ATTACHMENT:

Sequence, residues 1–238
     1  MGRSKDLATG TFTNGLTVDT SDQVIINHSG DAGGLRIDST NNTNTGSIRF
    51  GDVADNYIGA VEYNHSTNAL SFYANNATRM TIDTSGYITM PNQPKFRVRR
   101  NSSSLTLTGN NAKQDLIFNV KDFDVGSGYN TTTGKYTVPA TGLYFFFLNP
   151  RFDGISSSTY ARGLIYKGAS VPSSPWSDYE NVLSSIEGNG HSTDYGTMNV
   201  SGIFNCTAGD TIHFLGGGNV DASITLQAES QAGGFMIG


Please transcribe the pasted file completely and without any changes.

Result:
Sequence, residues 1–238
     1  MGRSKDLATG TFTNGLTVDT SDQVIINHSG DAGGLRIDST NNTNTGSIRF
    51  GDVADNYIGA VEYNHSTNAL SFYANNATRM TIDTSGYITM PNQPKFRVRR
   101  NSSSLTLTGN NAKQDLIFNV KDFDVGSGYN TTTGKYTVPA TGLYFFFLNP
   151  RFDGISSSTY ARGLIYKGAS VPSSPWSDYE NVLSSIEGNG HSTDYGTMNV
   201  SGIFNCTAGD TIHFLGGGNV DASITLQAES QAGGFMIG